Advanced Wound Care & Hyperbarics

Every year, nearly 5 million Americans suffer from non-healing, chronic wounds including those that are the result of diabetes, lower extremity arterial disease, lower extremity venous ulcers and edema, pressure ulcers and traumatic injuries.

At Baton Rouge General's Advanced Wound Care & Hyperbarics, we specialize in evaluating the total patient, developing and implementing a comprehensive treatment plan for both acute and chronic wounds. By utilizing advanced therapies and cutting-edge procedures, we are able to heal our patients quickly.

We work with you to determine, manage and treat any underlying medical conditions, which will help you to heal faster and more completely. Using advanced therapies and patient-focused procedures, we're able to speed healing and give you a chance to enjoy your life again.

Baton Rouge General’s Wound Care Center has been named a Center of Excellence by Organogenesis for its innovative, quality wound and hyperbaric care. Physicians from around the country visit the center monthly to learn more about state-of-the-art practices and procedures.

If you answer yes to any of the questions below, you have a non-healing wound or an infection and could benefit from our wound and hyperbaric services. Please call (225) 387-7818 to schedule an appointment today.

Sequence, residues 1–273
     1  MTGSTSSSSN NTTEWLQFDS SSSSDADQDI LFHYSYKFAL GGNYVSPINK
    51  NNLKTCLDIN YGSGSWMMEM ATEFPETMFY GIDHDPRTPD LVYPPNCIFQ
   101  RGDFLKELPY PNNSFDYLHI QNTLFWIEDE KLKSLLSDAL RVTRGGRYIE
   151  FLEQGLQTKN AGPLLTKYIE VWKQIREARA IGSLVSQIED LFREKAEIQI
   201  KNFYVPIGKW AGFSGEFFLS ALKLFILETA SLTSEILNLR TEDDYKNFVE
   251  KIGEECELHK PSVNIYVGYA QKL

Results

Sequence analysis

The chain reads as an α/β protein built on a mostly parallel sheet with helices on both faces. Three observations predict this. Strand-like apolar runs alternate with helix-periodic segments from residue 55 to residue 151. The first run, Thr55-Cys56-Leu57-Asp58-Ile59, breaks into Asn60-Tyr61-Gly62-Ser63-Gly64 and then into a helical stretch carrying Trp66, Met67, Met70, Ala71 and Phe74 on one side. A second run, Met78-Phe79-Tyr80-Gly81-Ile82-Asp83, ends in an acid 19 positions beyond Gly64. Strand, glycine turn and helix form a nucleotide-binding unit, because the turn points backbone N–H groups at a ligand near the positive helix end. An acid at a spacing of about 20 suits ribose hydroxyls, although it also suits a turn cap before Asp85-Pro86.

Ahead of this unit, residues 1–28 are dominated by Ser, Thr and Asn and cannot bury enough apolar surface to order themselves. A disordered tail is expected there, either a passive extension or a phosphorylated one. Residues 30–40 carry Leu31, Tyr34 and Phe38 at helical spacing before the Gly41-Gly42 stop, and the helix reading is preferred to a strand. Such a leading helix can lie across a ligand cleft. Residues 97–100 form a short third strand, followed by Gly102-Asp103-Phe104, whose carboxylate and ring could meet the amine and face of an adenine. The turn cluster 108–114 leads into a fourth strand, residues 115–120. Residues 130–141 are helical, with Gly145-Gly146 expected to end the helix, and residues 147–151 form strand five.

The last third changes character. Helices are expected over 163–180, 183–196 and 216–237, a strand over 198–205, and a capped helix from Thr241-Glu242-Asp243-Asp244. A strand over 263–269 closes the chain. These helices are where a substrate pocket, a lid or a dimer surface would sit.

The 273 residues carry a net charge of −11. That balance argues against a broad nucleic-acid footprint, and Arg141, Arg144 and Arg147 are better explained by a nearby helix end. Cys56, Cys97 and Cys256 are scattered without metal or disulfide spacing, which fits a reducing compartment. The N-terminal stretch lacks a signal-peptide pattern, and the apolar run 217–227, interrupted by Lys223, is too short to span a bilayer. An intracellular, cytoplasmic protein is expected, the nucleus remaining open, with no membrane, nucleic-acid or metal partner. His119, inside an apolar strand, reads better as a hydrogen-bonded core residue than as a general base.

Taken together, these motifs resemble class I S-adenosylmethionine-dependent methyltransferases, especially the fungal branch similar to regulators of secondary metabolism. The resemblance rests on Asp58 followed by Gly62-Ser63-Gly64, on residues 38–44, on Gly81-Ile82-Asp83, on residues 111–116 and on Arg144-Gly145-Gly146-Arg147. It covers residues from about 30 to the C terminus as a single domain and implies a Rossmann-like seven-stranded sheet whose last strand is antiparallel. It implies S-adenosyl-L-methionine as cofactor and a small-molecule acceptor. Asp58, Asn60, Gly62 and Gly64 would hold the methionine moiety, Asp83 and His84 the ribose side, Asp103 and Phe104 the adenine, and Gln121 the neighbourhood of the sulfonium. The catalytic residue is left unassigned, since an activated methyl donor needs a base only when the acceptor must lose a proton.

Would You benefit from wound care?

Is your wound worsening or no change in pain?

If YES. While some wounds can remain painful at the start of healing, worsening pain or lack of relief over many days indicates a non-healing wound.

Does your wound have a foul odor?

If YES. A strange or unpleasant smell may indicate dead tissue or necrosis. Avoid applying scent-masking products to the wound, which can interfere with the healing process and lead to other complications. If your prescribed wound care supplies are not reducing odor, you may have an infection or other wound complication.

Has your wound developed a thick discharge?

If YES. You may notice a clear fluid coming from your wound at the start of the wound healing process; this is normal. However, if the wound emits a thick, yellowish liquid, it is likely infected. Carefully wash away the discharge with warm water and soap, and consult with your doctor. Avoid scrubbing, peeling, or aggravating your wound.

Does your wound have significant swelling or redness?

If YES. Wounds typically swell or redden slightly at the start of healing, but should improve after several days. Worsening swelling or redness, commonly accompanied by pain, usually indicates poor healing.

Do you have a prolonged fever of over 100° F or more?

If YES. A fever of over 100 degrees F lasting for more than four hours indicates more serious complications. Contact your doctor immediately.

Have you had your wound for longer than 30 days?

If YES. Most non-life-threatening wounds typically heal (or are close to being healed) after 30 days. If little or no improvement occurs during this period, seek additional care.